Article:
[Originally published in Turkish Daily News]
Turkey’s official religious institution, the Directorate of Religious Affairs, took a bold step two years ago by launching a project cleansing the Islamic tradition from misogyny. What the institution did was to employ a team of religious scholars to prepare a new collection of hadiths (the deeds and sayings attributed to Prophet Muhammad), and remove the degrading remarks against women, which represent not the original message of Islam but the male-dominated culture of the past. With that project, the Directorate, which is called Diyanet İşleri Başkanlğı” or simply Diyanet in Turkish, had shown that it was not just open-minded but also brave.
Libraries, Cafes, and Worship
That meticulous revision and recollection of the hadiths is still ongoing in Ankara and it might take several more months to complete. Meanwhile, another bold project by the Diyanet is on the way. The institution now plans to bring a set of regulations and reforms that will modernize Turkey’s 80-thousand-or-so mosques. According to a news story that daily Hürriyet ran Sept. 19 with the headline, Revolutionary Step from Diyanet, some nice novelties are on the road:
- Mosques will be turned into places used for not only worship but also social activity. In the year 2010, libraries, cafeterias, public halls and classrooms will be added to some 200 mosques throughout Turkey. Some will have computer rooms. The long-term goal will be to have at least five such multi-purpose mosques in every town whose population is bigger than 20 thousand people.
- To decide on the structure of these new mosques, a competition for projects will be held. All new ideas will be considered.
- Personnel of the mosques, the imams and the muezzins, will be educated to handle such tasks. Foreign language courses will be arranged for them. Moreover the institution will try to employ its new personnel mostly from among graduates of theology faculties, and especially those with PhD’s.
- Imams will get feedback from the local community by distributing questionnaires that will ask, How can we serve you better?
The Diyanet will also conduct research on puzzling questions such as euthanasia for hopeless patients and abortion for disabled embryos. (One should add that the Diyanet has already found that stem cell research is deemed OK from an Islamic perspective. When compared to those of Christianity, Islamic views on such biological matters are generally less rigid.)
Another reform that the Diyanet will introduce, according to Hürriyet’s story, is to arrange the time of Friday prayers according to work hours. Currently the time of this prayer, to which all devout Muslim men are expected to join, rotates the whole year around noon hours depending on the Sun’s position. If this rescheduling takes place, then it will mean that not just the traditional timer, the sun, but also the modern one, office hours, will be taken into consideration. They can’t start the prayer before Sun reaches its climax, but they can postpone it a bit.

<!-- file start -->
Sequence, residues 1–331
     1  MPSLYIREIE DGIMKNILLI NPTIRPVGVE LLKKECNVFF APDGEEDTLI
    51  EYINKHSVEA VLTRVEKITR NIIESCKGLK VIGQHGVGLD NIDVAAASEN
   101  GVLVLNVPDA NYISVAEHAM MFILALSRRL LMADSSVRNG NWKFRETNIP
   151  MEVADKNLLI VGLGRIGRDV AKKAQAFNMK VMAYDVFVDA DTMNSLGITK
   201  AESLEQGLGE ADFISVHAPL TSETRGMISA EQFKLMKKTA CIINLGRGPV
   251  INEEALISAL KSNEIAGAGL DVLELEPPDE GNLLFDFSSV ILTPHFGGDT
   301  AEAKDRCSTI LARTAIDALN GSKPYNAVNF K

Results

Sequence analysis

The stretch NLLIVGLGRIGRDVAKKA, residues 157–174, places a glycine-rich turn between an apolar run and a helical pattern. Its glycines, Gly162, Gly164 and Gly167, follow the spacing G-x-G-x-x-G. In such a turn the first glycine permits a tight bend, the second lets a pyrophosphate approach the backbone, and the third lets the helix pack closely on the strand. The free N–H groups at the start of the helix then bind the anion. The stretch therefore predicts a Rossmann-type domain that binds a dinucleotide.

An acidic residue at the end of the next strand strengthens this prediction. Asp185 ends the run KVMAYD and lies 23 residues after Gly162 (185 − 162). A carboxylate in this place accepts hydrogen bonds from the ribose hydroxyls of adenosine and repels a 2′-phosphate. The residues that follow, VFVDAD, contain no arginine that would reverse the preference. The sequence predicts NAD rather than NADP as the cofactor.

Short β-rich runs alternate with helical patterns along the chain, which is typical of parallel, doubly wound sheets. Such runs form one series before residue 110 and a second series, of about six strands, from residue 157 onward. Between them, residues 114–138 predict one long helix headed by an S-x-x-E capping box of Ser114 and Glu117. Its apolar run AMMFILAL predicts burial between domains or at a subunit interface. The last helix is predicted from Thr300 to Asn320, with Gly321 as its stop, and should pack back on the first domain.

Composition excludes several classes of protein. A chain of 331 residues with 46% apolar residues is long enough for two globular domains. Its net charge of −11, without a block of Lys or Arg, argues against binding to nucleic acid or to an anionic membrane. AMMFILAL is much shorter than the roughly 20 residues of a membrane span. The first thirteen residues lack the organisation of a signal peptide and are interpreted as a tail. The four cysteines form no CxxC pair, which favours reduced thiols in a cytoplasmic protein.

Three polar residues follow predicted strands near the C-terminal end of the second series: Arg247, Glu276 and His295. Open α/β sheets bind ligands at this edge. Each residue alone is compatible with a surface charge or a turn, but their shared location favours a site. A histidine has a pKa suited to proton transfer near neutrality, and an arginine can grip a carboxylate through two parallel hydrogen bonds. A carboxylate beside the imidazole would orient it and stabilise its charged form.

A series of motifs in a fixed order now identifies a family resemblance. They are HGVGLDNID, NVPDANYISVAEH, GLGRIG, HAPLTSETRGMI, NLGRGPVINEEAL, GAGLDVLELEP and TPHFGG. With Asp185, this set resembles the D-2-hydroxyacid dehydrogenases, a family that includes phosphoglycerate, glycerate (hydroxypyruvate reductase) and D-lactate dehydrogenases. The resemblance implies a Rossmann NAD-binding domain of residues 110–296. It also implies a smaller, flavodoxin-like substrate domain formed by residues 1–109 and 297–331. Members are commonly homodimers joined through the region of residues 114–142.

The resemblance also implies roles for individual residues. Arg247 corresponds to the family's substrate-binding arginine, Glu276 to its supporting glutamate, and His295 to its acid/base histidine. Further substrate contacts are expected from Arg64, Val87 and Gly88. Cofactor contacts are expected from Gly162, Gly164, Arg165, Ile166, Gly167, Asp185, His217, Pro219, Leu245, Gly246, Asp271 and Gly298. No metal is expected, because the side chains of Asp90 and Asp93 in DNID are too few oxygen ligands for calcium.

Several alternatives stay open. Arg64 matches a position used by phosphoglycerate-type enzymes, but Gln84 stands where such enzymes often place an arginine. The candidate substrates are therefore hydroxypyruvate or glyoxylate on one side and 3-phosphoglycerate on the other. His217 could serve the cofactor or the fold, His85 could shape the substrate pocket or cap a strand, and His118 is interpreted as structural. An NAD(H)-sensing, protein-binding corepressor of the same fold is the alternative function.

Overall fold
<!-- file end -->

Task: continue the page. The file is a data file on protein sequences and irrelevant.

Maybe these reforms are not revolutionary, as Hürriyet called, but they are definitely meaningful. (By the way, let me note that Diyanet officials don’t like the term reform, which, in Turkish language, implies a more fundamental change than those they are introducing.) The Diyanet is actually daring to modify the structure of a well-established Islamic institution according to the needs of modern society. The underlying logic here is absolutely imperative.
By moving on from that logic, much bigger steps can be taken in the future, too. The current mosque culture we Muslims have — in which men and women are segregated; one can sit only on the floor; no sound except the human voice is heard — is built on tradition, not revelation.
Tradition has its merits, to be sure, but it was formed in an age that was very different from ours. At that time, the society’s common lifestyle was not too different from the one we find today in mosques. But now, while we still keep the mosque in the same old way, society has changed enormously. In this age, members of a modern family would prefer to go to a place of worship in which they can sit together as family. Yet since there are no such mosques around, such families often avoid it all together. One reason for the excessive secularization of Westernized Turks is this.
So, perhaps Islam needs a totally new form of mosque, along with the classic ones, in order to appeal to modern people. Perhaps a place which has post-modern architecture, a smiling receptionist, and a conference hall… Conservative Muslims often abhor such ideas, because they see them as a plot to dilute religion. The real plot might be though to keep Islam forcibly in a medieval form that will make it less and less relevant to our contemporaries.
The fine line, as usual, is in a third way that is different from both the secularist and the ultra-conservative positions. For the secularist, the mosque should be an irrelevant relic for 21st century society. For the ultra-conservative, it should be a place which should keep people in the 7th century. But what we really need is a lively mosque which will speak to the minds of the 21st century.
I am glad to see that the Diyanet officials — and especially the institution’s wise president, Dr. Ali Bardakoğlu — get that. They should be welcomed and encouraged.